‘It’s not as simple as just getting another job’: Stobart workers fear for career prospects

Stobart workers say it could be a year or more before they have any hope of regaining employment

Former Stobart Air pilots in the front row of members of the Irish Airline Pilots’ Association during a protest at the Department of Health. Photograph: Alan Betson

Former Stobart Air pilots in the front row of members of the Irish Airline Pilots’ Association during a protest at the Department of Health. Photograph: Alan Betson

 

Stobart Air workers fear for their long-term employment prospects following the loss of their jobs at the weekend.

Pilots, crew and other staff heard that the airline, which flew regional routes for Aer Lingus, was closing in the early hours of Saturday morning.

A group who took part in the Irish Airline Pilots’ Association demonstration at the Department of Health on Wednesday said it could be a year or more before they have any hope of regaining employment.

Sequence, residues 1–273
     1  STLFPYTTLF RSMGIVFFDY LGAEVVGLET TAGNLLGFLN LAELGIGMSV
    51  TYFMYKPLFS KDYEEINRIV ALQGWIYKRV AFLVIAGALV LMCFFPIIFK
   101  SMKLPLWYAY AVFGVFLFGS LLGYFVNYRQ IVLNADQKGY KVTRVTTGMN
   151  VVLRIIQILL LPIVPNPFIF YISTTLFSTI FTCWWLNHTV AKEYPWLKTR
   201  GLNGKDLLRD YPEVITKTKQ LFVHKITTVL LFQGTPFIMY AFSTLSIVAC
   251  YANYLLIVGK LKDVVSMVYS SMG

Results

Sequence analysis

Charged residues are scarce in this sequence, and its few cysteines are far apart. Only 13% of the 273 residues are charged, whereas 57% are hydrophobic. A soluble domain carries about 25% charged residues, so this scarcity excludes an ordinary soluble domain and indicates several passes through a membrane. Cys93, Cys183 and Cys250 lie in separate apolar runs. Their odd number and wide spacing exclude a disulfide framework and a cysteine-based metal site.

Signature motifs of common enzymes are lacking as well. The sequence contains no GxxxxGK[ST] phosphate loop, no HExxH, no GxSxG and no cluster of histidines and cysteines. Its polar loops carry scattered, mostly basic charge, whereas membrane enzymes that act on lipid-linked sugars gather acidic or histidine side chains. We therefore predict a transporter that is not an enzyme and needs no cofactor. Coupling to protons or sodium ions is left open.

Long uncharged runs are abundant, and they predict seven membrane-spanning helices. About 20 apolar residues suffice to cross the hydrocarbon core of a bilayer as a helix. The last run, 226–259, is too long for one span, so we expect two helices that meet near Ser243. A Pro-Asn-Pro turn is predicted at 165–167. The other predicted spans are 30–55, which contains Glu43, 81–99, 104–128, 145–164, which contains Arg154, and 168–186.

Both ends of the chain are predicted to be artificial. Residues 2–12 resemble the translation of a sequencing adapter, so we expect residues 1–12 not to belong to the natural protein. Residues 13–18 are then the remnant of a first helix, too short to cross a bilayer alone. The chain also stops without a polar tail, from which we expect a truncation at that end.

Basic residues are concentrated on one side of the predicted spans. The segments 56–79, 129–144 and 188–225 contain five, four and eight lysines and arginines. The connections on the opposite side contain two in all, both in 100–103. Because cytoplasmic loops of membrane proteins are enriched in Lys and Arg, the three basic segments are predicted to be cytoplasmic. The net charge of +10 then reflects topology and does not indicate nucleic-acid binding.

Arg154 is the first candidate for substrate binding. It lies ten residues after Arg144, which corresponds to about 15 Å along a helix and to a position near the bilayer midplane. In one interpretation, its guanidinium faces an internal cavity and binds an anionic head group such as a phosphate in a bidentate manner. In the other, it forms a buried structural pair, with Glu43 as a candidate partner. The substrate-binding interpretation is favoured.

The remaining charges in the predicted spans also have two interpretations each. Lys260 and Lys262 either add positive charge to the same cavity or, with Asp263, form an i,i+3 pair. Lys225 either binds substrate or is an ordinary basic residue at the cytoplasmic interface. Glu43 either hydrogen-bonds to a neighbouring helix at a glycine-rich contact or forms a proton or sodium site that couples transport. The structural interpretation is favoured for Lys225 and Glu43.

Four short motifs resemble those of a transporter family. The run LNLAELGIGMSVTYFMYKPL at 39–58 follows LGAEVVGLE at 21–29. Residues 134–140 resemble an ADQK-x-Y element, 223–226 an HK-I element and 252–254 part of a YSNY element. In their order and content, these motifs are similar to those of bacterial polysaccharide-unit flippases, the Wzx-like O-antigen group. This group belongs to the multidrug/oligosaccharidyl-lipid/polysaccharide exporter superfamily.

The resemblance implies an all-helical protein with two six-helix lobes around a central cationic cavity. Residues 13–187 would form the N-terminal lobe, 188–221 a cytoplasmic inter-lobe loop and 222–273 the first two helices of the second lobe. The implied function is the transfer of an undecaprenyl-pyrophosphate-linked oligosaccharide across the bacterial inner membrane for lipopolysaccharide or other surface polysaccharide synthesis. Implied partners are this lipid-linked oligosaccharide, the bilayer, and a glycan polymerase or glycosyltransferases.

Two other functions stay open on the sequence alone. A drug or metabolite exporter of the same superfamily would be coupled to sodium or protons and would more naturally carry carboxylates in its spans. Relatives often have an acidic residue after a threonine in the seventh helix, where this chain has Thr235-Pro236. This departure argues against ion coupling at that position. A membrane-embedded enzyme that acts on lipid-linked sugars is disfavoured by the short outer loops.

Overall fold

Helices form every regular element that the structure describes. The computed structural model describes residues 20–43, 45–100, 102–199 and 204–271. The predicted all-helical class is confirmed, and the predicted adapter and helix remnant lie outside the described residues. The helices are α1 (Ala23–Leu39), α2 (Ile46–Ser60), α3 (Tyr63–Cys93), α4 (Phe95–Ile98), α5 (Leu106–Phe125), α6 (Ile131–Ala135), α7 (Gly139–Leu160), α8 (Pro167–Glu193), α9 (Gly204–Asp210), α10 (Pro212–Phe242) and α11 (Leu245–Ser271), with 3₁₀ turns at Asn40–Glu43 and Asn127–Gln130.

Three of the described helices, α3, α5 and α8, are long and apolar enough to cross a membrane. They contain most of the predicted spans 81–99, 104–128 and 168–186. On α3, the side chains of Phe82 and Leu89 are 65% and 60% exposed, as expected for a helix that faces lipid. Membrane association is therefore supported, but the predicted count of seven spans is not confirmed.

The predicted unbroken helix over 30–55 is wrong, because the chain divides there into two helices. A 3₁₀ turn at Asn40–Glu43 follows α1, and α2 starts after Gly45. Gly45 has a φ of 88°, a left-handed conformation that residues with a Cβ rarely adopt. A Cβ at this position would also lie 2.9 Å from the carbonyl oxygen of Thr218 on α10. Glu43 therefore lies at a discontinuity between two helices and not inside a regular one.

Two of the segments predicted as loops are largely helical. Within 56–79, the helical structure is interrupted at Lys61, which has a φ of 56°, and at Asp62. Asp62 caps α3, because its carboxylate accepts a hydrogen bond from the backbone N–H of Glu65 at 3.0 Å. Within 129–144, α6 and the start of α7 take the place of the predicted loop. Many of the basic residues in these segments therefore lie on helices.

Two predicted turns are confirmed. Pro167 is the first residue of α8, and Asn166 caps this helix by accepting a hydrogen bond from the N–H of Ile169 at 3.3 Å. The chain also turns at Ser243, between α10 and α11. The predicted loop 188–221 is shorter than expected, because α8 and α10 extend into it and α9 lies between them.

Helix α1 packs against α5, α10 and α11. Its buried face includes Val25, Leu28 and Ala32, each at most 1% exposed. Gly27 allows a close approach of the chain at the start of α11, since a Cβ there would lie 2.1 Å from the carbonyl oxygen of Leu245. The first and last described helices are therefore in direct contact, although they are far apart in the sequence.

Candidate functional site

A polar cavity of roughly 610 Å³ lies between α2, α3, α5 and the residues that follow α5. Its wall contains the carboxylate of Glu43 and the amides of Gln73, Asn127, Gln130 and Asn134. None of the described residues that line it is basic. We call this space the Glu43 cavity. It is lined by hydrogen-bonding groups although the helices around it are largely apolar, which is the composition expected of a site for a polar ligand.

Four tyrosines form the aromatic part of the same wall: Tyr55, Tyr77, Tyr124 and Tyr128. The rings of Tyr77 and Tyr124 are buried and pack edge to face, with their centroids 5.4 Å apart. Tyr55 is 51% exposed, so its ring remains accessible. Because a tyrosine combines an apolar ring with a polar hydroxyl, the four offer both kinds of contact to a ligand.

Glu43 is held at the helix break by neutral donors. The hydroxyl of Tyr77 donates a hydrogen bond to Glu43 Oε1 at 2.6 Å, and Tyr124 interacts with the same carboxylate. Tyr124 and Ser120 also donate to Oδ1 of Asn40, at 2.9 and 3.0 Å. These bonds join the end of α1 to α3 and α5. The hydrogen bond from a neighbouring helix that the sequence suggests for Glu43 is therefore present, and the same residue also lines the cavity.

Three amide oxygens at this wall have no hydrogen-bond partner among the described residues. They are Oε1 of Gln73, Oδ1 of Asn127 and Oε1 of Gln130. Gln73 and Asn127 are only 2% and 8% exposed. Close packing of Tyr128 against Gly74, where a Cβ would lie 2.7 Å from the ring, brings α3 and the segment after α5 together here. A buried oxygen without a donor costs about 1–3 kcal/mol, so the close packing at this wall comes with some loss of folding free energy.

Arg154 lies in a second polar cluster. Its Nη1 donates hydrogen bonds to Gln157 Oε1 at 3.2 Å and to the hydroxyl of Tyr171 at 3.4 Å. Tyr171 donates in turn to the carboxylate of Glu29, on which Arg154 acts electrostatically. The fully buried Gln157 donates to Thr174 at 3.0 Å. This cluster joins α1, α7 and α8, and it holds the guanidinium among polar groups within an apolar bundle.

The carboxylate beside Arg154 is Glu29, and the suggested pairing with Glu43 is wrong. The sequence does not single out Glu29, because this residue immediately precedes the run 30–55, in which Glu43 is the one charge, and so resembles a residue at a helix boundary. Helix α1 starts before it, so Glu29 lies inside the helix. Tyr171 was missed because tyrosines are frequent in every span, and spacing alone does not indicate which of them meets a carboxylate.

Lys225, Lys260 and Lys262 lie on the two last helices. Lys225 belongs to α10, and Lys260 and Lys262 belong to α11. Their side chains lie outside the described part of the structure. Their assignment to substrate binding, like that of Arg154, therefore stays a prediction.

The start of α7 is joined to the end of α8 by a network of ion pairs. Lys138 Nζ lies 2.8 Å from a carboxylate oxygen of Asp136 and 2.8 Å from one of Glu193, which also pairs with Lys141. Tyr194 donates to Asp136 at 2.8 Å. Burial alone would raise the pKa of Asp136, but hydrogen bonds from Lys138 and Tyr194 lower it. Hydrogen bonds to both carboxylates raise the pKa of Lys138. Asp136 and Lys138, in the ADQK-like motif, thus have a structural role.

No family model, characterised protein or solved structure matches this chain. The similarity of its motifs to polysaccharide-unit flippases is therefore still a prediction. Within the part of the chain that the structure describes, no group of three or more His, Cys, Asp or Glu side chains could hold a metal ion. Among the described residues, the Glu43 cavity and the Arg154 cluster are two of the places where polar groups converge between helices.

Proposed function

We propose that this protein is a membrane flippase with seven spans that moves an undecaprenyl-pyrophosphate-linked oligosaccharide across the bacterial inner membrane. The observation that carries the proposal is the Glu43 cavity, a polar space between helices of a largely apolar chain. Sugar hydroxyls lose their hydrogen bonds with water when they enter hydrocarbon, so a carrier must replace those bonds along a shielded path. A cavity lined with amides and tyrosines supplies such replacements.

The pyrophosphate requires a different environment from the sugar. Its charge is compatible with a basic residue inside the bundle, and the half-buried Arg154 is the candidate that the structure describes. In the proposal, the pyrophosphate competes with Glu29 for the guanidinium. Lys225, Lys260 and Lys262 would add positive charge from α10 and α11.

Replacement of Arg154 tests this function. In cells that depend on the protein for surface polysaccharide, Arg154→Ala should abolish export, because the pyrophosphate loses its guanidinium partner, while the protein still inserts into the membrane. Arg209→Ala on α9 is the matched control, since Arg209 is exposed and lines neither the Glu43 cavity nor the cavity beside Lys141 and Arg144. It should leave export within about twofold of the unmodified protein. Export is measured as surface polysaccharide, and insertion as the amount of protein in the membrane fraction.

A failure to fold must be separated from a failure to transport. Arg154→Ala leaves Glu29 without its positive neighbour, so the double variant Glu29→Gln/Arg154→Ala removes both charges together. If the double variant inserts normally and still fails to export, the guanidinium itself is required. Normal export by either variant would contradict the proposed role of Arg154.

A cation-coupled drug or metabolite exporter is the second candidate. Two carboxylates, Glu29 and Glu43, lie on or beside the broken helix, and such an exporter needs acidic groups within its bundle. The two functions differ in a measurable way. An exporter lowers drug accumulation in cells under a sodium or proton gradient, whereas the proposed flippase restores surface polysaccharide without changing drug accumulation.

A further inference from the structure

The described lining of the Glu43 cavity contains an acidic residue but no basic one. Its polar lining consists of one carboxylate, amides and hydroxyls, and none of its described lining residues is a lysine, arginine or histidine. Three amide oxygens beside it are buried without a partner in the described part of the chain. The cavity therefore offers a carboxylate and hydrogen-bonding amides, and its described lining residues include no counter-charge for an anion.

“I don’t know of any airline that is looking for pilots at the moment,” said one, pointing out that extra restrictions imposed on non-vaccinated travellers from Britain this week had added to the industry’s woes.

“It’s like a bereavement,” said another, who recalled that she received the email telling her of the closure at 12.20am on Saturday, while she slept in preparation for an early morning flight.

She explained that she and her colleagues had spent hundreds of thousands on training and preparing to work as pilots.

“People say just get another job, but it’s not as simple as that, this is like a vocation to us,” she said.

Stobart ceased trading at the weekend with the loss of 480 jobs after its owner, British group Esken, said it was forced to withdraw financial support from the Irish carrier.

The High Court appointed Deloitte Ireland partners Ken Fennell and Mark Degnan as provisional liquidators to the airline on Monday.

The airline leased its 13 aircraft, but has a number of assets, including some airport slots. Stobart also held aircraft engine spares and other stock.

Stobart Air traded profitably up to the end of 2019 but plummeting ticket sales in the face of Covid-19 travel restrictions cost it €19 million in lost revenues last year.